JOHOR BARU- Seafood restaurants here are coming up with alternatives to replace the traditional raw freshwater fish slices used in the yee sang, a quintessential Chinese New Year dish made up of colourful ingredients and condiments.
Adopting from the popular Japanese dish, Kong Inn Seafood Restaurant owner and head chef Aun Chin Poh decided to serve crispy strips of salmon skin with his version of the yee sang at his outlet in Jalan Sutera this year.
He said the salmon skin was sourced from Japanese food suppliers and dried under the sun before being cut into strips and deep-fried.
"The crispy strips are then scattered on a bed of salad and nuts to be tossed during reunion dinners," he said yesterday.
He said Western food outlets usually disposed of the salmon skin but it was a valued ingredient in Japanese cuisine.
Aun added that his restaurants also offered other yee sang alternatives such as jellyfish and fresh snow pears, mangoes and jackfruit.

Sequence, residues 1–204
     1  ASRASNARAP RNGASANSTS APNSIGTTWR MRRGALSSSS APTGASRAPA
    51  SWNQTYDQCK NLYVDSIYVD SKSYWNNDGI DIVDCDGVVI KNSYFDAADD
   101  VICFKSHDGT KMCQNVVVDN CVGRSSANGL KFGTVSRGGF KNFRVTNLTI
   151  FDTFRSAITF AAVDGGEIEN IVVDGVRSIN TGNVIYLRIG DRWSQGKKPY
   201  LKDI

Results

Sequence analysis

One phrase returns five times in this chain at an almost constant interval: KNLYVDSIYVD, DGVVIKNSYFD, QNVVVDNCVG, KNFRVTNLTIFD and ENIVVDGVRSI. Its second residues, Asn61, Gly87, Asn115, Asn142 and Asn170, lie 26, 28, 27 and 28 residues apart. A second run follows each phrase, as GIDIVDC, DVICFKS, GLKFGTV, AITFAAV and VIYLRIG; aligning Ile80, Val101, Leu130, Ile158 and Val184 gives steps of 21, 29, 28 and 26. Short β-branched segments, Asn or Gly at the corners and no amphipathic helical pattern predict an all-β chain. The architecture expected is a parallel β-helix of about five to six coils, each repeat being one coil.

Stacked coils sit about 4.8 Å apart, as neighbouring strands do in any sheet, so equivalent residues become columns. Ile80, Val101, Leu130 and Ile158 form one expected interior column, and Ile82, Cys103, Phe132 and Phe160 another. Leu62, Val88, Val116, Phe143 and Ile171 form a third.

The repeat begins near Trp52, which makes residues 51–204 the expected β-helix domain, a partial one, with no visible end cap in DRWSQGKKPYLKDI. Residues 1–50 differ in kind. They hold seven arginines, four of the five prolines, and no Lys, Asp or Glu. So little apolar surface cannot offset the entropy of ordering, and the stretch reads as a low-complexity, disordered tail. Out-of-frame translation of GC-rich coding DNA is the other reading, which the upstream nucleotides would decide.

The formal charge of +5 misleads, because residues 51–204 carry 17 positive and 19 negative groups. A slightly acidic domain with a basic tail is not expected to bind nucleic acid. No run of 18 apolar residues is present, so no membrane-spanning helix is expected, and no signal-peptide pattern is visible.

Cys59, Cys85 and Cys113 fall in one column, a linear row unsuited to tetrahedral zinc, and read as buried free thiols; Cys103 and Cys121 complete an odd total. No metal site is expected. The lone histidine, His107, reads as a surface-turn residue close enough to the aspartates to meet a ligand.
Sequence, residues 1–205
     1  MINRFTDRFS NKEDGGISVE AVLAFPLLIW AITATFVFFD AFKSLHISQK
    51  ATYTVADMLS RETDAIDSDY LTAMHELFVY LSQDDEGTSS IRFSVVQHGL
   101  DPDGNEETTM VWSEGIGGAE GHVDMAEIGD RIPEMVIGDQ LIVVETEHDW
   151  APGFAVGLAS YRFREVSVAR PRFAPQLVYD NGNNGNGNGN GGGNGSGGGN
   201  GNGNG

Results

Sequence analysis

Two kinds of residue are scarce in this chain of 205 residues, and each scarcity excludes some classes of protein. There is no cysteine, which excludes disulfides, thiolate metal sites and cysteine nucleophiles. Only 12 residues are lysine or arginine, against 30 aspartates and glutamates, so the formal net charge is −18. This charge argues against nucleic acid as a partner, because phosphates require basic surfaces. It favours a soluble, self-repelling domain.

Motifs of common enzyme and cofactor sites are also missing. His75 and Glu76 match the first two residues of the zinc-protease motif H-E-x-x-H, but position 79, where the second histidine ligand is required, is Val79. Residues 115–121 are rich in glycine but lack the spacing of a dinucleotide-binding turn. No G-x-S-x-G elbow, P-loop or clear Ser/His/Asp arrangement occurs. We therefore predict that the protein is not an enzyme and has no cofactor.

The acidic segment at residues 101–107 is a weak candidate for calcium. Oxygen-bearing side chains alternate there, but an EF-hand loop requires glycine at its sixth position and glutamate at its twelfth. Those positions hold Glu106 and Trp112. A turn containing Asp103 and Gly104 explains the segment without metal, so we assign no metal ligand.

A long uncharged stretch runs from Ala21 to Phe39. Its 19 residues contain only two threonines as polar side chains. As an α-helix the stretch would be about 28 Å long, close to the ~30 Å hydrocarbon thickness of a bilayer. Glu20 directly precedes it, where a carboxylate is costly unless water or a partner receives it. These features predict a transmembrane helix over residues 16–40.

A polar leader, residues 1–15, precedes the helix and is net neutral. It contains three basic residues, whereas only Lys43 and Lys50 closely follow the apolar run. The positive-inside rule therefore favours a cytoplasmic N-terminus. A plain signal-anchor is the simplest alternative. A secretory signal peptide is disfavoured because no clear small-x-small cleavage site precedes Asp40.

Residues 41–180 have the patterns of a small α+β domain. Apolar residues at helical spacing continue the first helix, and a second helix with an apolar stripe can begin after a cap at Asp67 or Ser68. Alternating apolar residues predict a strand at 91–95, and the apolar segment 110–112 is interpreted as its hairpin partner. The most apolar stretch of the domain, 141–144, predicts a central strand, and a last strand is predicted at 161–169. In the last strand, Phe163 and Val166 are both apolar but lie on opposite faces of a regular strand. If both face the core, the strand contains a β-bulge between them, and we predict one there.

Tan Chiak Moh from Mei Do Restaurant said the restaurant usually used fresh salmon as yee sang toppings but offered customers a choice of abalone slices this year.
He said this came after Singapore's National Environment Agency banned the sale of raw freshwater fish dishes at all food outlets last year due to an outbreak of Group B Streptococcus (GBS) infection.
The ban was called in the island republic last year after about 150 people, who ate raw freshwater fish, were infected by the bacteria, bringing the total of those infected for the year to 355 compared to the 150 cases reported from 2011 and 2014.
Saltwater fish is not included in the ban.
Johor Baru Chefs Association chairman John Ang said it all boiled down to how the fresh fish, especially those that were meant to be served raw or as sashimi, were handled and kept to ensure freshness and hygiene.
Ang, who is also the executive director of Grand Straits Garden Seafood Restaurants, said for their Chinese New Year eve reunion dinner, customers could choose vegetarian raw fish slices if they did not fancy raw salmon.
He said his two restaurants in Danga Bay received quite a number of Singaporean customers for the reunion dinner, prompting them to offer an alternative yee sang topping to address their concerns.